Deishar’s first flight south

Deishar set off on migration three day’s later than her brother Carr, but, like her sibling, she has made excellent progress south since leaving Scotland.

Deishar began her migration on 4th September and very quickly made up for lost time. Aided by a tailwind she flew just under 500 km to Cheshire on her first day of migration, flying south through central Scotland, and then across the Solway Firth and Morcambe Bay – which she crossed after dark.

Next morning Deishar was flying again before 06:00, heading powerfully south through Shropshire and then Herefordshire. At 10:16 she was 186 metres above the Severn Estuary and, at 10:50, 550 metres above the centre of Bristol. At 12:32 she headed out across the English Channel from the Dorset coast, west of Abbotsbury. She flew 135 km to Guernsey and then a further 98 km across the sea to the Brittany coast at Saint Brieuc. She was making such fast progress that she had now overtaken her brother, Carr, who arrived and then roosted on Guernsey a few hours after Deishar had passed through. She continued flying for a further 90 minutes after reaching French airspace, before roosting in an area of woodland near Plumeliau.

Deishar arrived in Brittany just two days after leaving the Highlands

Next morning Deishar continued south-west towards the Atlantic coast. Unlike her brother who then flew direct across the Bay of Biscay to Spain, Deishar always kept the coast in sight as she headed south. By 16:48 that afternoon she had flown 275 km and was over Ile d’Oleron just to the south-west of La Rochelle. She continued south over the River Gironde and then settled to roost in a forested area near the village of Naujac-sur-Mer, around 50 km north-west of Bordeaux.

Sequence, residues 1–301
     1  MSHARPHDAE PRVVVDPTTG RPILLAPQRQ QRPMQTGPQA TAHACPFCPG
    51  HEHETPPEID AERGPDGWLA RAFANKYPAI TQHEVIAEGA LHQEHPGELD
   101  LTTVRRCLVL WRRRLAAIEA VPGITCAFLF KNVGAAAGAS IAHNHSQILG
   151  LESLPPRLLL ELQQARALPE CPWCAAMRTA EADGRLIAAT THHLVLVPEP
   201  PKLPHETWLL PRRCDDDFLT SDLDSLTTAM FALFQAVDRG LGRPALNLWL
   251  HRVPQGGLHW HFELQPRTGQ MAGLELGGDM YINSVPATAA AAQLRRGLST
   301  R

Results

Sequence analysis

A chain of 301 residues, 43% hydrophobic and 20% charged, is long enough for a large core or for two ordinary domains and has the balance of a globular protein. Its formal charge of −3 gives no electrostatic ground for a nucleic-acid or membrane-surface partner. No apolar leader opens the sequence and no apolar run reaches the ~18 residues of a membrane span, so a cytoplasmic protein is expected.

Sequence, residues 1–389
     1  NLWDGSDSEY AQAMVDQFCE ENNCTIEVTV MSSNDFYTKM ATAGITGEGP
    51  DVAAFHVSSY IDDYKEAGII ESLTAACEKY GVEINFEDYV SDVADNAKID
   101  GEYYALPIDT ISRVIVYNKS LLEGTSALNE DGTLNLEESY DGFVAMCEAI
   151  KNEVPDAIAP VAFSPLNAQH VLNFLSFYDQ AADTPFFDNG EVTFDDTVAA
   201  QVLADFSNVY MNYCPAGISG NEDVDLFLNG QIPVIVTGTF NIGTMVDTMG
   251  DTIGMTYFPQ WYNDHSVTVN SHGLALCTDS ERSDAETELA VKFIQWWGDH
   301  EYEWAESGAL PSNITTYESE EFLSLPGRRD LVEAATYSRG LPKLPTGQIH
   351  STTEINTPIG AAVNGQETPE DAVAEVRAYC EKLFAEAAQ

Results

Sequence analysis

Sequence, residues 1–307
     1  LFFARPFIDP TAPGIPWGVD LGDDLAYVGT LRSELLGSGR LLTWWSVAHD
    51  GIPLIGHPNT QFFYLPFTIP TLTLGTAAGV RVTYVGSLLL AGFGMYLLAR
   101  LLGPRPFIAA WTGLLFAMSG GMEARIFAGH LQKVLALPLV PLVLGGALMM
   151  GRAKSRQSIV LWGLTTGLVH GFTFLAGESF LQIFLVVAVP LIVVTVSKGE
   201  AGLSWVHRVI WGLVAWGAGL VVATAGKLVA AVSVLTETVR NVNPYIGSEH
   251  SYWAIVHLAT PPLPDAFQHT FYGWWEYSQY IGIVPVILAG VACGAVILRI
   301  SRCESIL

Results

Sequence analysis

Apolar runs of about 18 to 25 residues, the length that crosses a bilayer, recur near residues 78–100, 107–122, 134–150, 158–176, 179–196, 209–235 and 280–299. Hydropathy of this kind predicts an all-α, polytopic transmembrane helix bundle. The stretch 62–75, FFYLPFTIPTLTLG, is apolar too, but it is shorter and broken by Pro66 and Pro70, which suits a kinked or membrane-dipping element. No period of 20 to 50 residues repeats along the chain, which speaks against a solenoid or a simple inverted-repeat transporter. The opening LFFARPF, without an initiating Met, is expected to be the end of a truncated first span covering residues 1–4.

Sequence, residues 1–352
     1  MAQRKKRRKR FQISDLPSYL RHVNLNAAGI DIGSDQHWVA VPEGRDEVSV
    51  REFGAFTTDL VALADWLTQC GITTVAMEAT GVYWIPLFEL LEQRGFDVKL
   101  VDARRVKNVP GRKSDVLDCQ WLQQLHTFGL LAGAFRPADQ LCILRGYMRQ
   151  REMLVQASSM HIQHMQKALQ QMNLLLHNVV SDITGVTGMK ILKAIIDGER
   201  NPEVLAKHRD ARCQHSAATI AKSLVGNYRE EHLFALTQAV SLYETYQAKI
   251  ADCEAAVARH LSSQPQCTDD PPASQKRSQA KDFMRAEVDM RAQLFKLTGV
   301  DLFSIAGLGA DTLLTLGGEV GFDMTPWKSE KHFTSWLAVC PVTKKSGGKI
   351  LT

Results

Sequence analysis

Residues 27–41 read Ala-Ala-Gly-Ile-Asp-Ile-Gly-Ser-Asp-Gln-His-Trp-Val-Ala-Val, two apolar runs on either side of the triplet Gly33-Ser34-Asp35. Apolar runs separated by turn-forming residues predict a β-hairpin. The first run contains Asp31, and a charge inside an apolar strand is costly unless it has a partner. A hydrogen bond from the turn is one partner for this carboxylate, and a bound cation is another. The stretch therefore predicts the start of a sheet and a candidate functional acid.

Deishar (red line) kept to the coast as she flew south through France, whereas her brother (yellow line) crossed the Bay of Biscay to Spain

Next morning Deishar headed south-east away from the coast and towards the Pyrenees. She flew just under 200km before roosting beside the River Adour. Although she arrived too late to fish that evening, the data indicates she may have caught her first fish since leaving Scotland, soon after first light the next morning.

Deishar roosted beside the River on the evening of 7th September, and the data suggests she fished in the river the next morning.

Deishar resumed her journey at around 11:00 on 8t September and reached the Pyrenees two-and-a-half hours later. Her satellite transmitter – which logs her location once every three minutes – showed how she flew picked her way through the imposing mountains to avoid crossing the highest peaks. Nevertheless she still reached a maximum altitude of over 2564 metres above sea level as she flew through the mountains.

Deishar reached a maximum altitude of 2564 m as she crossed the Pyrenees

Once clear of the mountains, Deishar continued south until 19:44 local time when she settled to roost beside the River Ebro, 10 km east of  Zaragoza. She had flown 250 km during the course of the day.

Having reached northern Spain, Deishar showed no signs of letting up and she made the most of excellent flying conditions on 9th September, soaring and gliding through Aragon, sometimes reaching altitudes in excess of over 3000 metres. She continued flying until 20:00 by which point she had covered a further 300 km and was now 45 km south-west of Valencia.

Deishar made the most of excellent thermal conditions as she soared south through Spain, climbing on thermal updrafts and then gliding forwards.

Next morning Deishar continued on the same southerly heading and at 14:00 local time she reached the south-east coast of Mercia, south-west of La Manga and headed across the sea. The crossing to Africa is much further here than the Strait of Gibraltar where many Ospreys cross, but Desihar made light work of it, flying 210 km across the sea in four-and-a-quarter hours.

Deishar made a 200km sea crossing from Spain to Algeria.

Having reached Algeria, Deishar continued flying for a further 60 km before roosting on the edge of the town of Relizane. Deishar is now much further east than her brother, Carr, and will have a longer crossing of the Sahara unless she makes a drastic turn to the south-west. Her transmitter works through the mobile network and so we may not receive any further updates from her until she is across the Sahara. Let’s hope she makes it – but it is a difficult journey for you Ospreys on their first autumn migration.

Deishar has reached Algeria just seven days after leaving her nest in the Scottish Highlands.

To see a map of Deishar’s journey so far, click here.¬†